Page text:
Morgan Milne said he’s dedicated to providing quality produce for the community to enjoy, and his farm, Red Beard Farms, is already making strides to boost the local food system in the Cape Fear area.
Milne directly supplies to a wide variety of local restaurants, including PinPoint, The Green House, Origins, Circa 1922, manna and Junction 421. He also supplies to others indirectly through Feast Down East.
In addition, Red Beard Farms sells to the public at the Wilmington Farmers Market each Saturday.
Milne, who owns Red Beard Farms with his wife, Katrin, got his degree in horticulture from N.C. State University.
“It all started when I took a permaculture class with Will Hooker that introduced me to local food and local food systems,” Morgan Milne said.
From there, he worked on a Community Supported Agriculture (CSA) farm in Raleigh, then went on to the Center for Environmental Farming Systems, a research facility in Goldsboro, which introduced him to “a bigger scale of farming,” he said. It also allowed him to get his first gig as a farm manager on an organic farm in Hyde County.
After that, Milne moved back to his hometown of Carolina Beach and worked at a restaurant for a couple of years before becoming a horticulture specialist for a local landscaping company. During that time, he built a relationship with the N.C. Cooperative Extension, which led him to a job on a farm that would pave the way for what he does now at Red Beard.
“I jumped in head first. I knew a lot, but you don’t know what you think you do,” Morgan Milne said.
Fast forward to 2014, where Morgan Milne spent the better part of the year moving the farm to the 17.5-acre farm he and Katrin own today.
Situated between Burgaw and Watha in Pender County, Red Beard Farms was “built from nothing,” according to Morgan Milne.
Morgan Milne said he had a rough start, with impacts from Hurricane Matthew and Hurricane Florence.
“We thought we were getting ahead and got hit way back, but I was determined,” he said.
Now the Milnes are past recovery mode and building for the future with the variable weather in mind. A well has been drilled to ensure consistent water for the crops and a greenhouse built to increase the number of plants grown.
“2018 was already the wettest year on record, then Hurricane Florence came through. That was only to be followed by arguably the driest year in 2019,” Morgan Milne said. “After 2019, all of a sudden, the weather patterns have changed. There is no such thing as April showers bring May flowers anymore.”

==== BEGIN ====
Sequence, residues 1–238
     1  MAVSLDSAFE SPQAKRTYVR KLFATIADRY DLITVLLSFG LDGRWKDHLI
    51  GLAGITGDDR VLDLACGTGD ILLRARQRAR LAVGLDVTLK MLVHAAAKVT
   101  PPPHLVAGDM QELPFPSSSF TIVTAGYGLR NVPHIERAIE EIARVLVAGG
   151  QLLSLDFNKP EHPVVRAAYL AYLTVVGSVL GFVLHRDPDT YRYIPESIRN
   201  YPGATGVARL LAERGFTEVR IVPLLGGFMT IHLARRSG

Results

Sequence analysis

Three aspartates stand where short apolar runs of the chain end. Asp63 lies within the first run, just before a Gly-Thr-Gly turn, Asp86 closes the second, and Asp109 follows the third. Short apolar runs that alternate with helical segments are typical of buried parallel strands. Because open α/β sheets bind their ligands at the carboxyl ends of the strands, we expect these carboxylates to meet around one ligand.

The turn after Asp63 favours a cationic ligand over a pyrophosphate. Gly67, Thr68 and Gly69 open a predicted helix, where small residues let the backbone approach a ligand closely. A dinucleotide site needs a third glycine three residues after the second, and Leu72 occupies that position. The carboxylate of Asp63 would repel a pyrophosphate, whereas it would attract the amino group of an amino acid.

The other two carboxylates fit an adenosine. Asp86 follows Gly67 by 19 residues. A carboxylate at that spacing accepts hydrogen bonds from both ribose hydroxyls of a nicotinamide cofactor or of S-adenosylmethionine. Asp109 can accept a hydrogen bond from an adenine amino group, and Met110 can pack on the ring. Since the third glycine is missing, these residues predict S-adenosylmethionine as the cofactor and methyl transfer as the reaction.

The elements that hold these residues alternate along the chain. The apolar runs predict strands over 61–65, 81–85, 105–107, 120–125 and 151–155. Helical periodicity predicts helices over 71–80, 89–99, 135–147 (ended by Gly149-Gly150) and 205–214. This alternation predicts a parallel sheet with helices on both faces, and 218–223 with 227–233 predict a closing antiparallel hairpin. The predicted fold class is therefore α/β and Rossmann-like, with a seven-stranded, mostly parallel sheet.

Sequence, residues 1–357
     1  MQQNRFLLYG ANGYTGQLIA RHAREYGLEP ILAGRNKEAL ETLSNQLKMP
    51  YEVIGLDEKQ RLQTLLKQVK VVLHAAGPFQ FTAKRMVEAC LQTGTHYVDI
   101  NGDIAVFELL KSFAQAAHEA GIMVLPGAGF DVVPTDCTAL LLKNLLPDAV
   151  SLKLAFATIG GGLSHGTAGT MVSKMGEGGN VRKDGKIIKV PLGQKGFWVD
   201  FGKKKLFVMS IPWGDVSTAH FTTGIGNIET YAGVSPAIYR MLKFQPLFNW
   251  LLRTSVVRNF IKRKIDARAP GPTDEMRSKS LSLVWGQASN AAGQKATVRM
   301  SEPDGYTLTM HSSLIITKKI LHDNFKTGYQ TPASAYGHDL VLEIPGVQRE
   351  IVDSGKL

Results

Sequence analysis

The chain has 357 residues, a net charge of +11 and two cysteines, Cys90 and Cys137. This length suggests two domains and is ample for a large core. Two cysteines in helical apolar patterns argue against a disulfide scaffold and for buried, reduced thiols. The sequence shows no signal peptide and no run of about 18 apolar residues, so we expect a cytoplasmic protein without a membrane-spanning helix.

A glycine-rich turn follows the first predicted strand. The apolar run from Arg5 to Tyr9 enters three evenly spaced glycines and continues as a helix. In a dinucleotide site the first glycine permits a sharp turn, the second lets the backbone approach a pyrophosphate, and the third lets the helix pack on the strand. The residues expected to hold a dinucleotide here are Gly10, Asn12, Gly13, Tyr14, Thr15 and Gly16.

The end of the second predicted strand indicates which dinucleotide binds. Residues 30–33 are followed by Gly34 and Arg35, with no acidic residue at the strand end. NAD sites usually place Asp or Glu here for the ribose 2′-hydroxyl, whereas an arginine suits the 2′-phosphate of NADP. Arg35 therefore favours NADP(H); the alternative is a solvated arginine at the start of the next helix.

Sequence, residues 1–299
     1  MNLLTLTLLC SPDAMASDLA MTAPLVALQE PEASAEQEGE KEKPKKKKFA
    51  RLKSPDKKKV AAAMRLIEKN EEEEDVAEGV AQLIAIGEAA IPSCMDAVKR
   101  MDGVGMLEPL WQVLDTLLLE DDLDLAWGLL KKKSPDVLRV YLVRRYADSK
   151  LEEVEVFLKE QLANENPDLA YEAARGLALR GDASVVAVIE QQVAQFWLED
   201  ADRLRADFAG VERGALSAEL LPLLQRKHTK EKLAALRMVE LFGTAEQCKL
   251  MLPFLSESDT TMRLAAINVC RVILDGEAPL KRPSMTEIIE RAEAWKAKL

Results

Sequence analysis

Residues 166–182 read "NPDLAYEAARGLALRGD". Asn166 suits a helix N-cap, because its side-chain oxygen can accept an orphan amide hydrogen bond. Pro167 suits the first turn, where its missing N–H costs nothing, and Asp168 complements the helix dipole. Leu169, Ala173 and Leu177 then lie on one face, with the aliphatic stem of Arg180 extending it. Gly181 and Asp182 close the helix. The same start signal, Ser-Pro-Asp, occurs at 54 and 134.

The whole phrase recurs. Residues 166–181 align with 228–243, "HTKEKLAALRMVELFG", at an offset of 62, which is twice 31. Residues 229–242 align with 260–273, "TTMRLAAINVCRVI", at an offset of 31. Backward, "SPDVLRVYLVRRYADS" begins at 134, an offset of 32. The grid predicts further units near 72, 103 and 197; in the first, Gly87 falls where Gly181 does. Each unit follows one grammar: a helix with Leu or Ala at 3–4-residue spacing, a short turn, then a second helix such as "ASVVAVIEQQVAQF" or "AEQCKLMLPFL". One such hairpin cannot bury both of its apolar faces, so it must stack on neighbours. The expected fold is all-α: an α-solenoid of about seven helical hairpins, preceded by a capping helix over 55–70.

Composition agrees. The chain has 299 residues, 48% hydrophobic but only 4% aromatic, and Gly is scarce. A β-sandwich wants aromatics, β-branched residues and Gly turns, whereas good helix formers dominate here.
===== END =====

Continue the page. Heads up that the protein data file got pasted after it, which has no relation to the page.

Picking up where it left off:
The variable weather forced Morgan Milne to make changes on the farm that would prove to sustain crop production for the long term.
“The well has been the biggest game changer, and the greenhouse has allowed us to go from 5,000-6,000 plants to 50,000-60,000. In the past two years, we have run out of space to plant,” he said. “We changed production systems from rows to beds and increased production 30-50%. It was a necessary step for us to continue to grow, literally and figuratively.”
Red Beard’s co-farm manager, John Gurganus, has taken over crop planting and production, and Morgan Milne has taken over as owner and operator doing harvest and sales and “just about everything.”
Red Beard Farms grows a wide variety of crops, including watermelon, cantaloupe, a variety of cauliflower, kale, collards, cabbage, turnips, radish, leafy greens, cucumbers, elephant garlic, four different types of carrots, various tomatoes and strawberries.
The variety of produce allows restaurants to keep their menus varied and interesting while providing customers with fresh, quality ingredients.
“It is the freshest they can get. The shelf life is triple than any other retailer, if not quadruple. They figure just to pay local guys a little more is better than throwing away half of what the other guy provides, oftentimes saving money,” Morgan Milne said. “Keep money in the community; they pay me and then I spend money there eating. It is a win-win at the end of the day.”
Jonathan O’Donnell, owner of Junction 421, a comfort food restaurant in Monkey Junction, agrees the quality of the food is far superior from local farms such as Red Beard, and he has many reasons why he chooses local produce.
“The first reason is the produce is superior; it’s the best. It is exceptional and we like to deal with quality food, and the second reason is [Milne] is a great guy, and the love and care he puts into it is reflected in the taste,” O’Donnell said.
The third reason O’Donnell gave for using a farm like Red Beard’s is the desire to keep business within the community.
“It is a matter of pride,” O’Donnell said.
The emphasis on the importance of eating local food has taken center stage in recent years with supply chain issues being at the forefront for consumers.
“COVID obviously wasn’t a good thing for everybody, but it was a good thing for local food,” Morgan Milne said. “There was a renewed focus on local food and it ties in with us starting our own farmers market and being available to the public.”
He is one of the founding members of the Wilmington Farmers Market, which is a producers-only market held Saturdays at Tidal Creek.
“It has been a ringing success. It has been a great success for us and [Tidal Creek],” he said.
Whether it be providing produce to local consumers or chefs, Morgan Milne said he is dedicated to growing the scope of his farm to build a healthy network of local foods within the Wilmington area.
“I want to help Wilmington to become a food hub like Charleston, to increase awareness of local foods and why it is better,” he said. “Without us building this local food scene, they would have to rely on bigger farms around the country. The quality would be mediocre at best. The more support we get, the more we’re going to grow and create a thriving food system.”